Art activities provide fine motor experiences such as paper tearing, 
painting and gluing. While painting, we remind our friends 
to use their "pinching" fingers as they hold the brush. 
 Twirling the paint brush is a circular motion 
also takes practice at the beginning of the year.

Paper tearing also provides additional experiences 
and the scraps are saved for the art center.


Fine motor experience can also be incorporated while teaching math concepts.  
We use pony beads for counting and patterning.  
One to one correspondence can be modeled and practiced 
using pom poms and recycles marker caps.
Play dough is always a go to with counting and tens frames.  
Rolling the dough in itself takes a LOT of practice!




There so so many commercial games and materials for sale 
that lend themselves to fine motor practice.
Gumball Grab and Magic Boards are two favorites
 in our room from Lakeshore Learning.




Scissor practice is another fine motor skill that takes a great deal of practice.
We cut paper and play dough as they offer different resistances.  



Last week I added straws and scissors to our sensory table 
for additional fine motor practice.
We were then going to add string for threading once the straws were all cut.

BUT..

This was found under the table at the end of  day one.
No one claimed it, no parent complained.
LESSON LEARNED!


Feel free to pin the image below onto your Pinterest boards for easy reference. 
For more fine motor inspiration, follow my Fine Motor Pinterest Board.


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Sunday, October 2, 2016

5 Fun and Engaging Alphabet Activities

Learning the alphabet in pre-k is front and center in our classrooms.
The KEY is making it fun and meaningful for our kids!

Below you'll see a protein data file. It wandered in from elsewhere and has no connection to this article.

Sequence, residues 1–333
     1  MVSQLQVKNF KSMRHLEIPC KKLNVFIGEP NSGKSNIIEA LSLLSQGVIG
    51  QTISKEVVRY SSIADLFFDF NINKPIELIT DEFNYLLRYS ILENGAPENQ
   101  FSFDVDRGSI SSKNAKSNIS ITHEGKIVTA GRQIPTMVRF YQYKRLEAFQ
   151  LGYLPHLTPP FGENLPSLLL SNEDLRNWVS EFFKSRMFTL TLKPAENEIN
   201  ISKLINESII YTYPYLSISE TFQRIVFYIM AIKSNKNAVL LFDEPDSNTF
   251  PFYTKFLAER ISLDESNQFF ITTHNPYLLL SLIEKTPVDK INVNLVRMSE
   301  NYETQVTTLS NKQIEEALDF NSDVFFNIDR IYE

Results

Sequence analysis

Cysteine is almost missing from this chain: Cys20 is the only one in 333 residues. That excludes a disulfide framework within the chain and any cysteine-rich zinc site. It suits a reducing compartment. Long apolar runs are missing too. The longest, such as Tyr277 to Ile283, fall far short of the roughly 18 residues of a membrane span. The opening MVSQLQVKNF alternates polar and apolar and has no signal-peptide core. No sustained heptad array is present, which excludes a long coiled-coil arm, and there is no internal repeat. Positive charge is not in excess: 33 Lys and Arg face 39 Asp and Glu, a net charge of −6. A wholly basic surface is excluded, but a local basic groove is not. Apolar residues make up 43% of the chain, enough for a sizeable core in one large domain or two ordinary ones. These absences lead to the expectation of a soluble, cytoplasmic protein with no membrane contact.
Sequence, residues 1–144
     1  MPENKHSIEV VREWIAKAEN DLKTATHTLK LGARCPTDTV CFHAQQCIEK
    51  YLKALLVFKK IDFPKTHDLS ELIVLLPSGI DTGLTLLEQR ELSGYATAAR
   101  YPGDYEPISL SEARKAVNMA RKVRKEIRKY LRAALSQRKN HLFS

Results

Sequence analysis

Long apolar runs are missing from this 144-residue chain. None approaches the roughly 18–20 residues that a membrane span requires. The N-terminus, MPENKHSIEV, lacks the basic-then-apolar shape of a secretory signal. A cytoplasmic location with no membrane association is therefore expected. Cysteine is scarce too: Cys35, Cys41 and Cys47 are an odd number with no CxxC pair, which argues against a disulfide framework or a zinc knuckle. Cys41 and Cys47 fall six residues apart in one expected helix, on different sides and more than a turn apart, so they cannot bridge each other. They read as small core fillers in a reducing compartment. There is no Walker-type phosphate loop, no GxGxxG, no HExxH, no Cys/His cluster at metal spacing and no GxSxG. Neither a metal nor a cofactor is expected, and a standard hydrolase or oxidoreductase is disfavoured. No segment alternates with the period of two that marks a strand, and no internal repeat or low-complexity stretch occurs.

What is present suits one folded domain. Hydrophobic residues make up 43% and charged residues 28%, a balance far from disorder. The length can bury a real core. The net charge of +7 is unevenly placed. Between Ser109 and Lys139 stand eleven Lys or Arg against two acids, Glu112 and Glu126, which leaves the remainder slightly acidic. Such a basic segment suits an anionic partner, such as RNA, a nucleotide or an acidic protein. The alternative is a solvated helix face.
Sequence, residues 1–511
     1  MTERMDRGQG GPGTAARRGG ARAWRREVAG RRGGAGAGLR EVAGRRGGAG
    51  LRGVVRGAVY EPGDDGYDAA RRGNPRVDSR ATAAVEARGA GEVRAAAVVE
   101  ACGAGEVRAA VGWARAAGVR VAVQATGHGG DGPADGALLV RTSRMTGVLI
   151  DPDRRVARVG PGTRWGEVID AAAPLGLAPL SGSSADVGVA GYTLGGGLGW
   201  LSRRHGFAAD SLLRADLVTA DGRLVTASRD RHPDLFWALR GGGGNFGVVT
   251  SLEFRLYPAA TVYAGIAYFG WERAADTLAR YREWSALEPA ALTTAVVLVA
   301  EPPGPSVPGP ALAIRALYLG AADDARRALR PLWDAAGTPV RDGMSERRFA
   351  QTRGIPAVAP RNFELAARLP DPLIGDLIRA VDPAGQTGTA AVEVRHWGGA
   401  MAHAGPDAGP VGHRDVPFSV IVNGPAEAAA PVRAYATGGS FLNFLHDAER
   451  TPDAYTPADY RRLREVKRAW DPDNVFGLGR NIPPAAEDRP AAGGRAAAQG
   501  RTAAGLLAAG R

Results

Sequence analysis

Children learn better when they have connections to things.
What better way to learn the alphabet than to start with students' names?
The excitement becomes contagious and as they learn their own names 
they want to learn to learn their friends names too!
Bottle Cap Letters is a FREE download on TpT. 
 


My pre-kinders love anything with texture.
Salt trays are a busy place in our room.
Learning is at an optimum when I set up one tray 
and call students over for some one on one time to practice writing their name. 
EVERYONE wants a turn!
When we do set it up as a center, 
a teacher is sure to be sitting at that table to supervise.  
 

Alphabet Mats are a FUN way to practice letters and sounds 
with some fine motor practice!
We roll play dough to form the letters, use tweezers 
and small objects like pom poms to cover the letters 
as well as just picking up objects like glass gems with our little fingers too.  
The alphabet mats that I use have two matching pictures 
for sound and vocabulary development.  
This is especially important for my English Language Learners.



Alphabet games and puzzles are sure to be a crowd pleaser!
A few of our favorites include alphabet fishing, matching spoons and puzzles.
 I found several versions of alphabet spoons on Pinterst and then made my own
with Target Dollar Spot stickers. You can follow me on Pinterest HERE.
We offer lots of practice in small group before moving these activities 
to the alphabet center for independent play.



We use LOTS of songs, nursery rhymes and poems 
to build on oral language, vocabulary and phonological awareness.
One of our daily activities during story time is to learn a new poem.
The rebus pictures help my pre-kinders connect to the text and build vocabulary.
We are working on beginning letters and sounds now, 
will move onto medial sounds and 
ending sounds as well as sight words later in the year.


On Fridays, my students add the poem to their Poetry Journal and we work on 
letters and vocabulary during small groups.
Starting in October, we will send home the Poetry Journals once a month 
for students to share with their families.  
It becomes one additional way to build that home-school connection.
October Poetry Journals with Rebus Pictures is available HERE.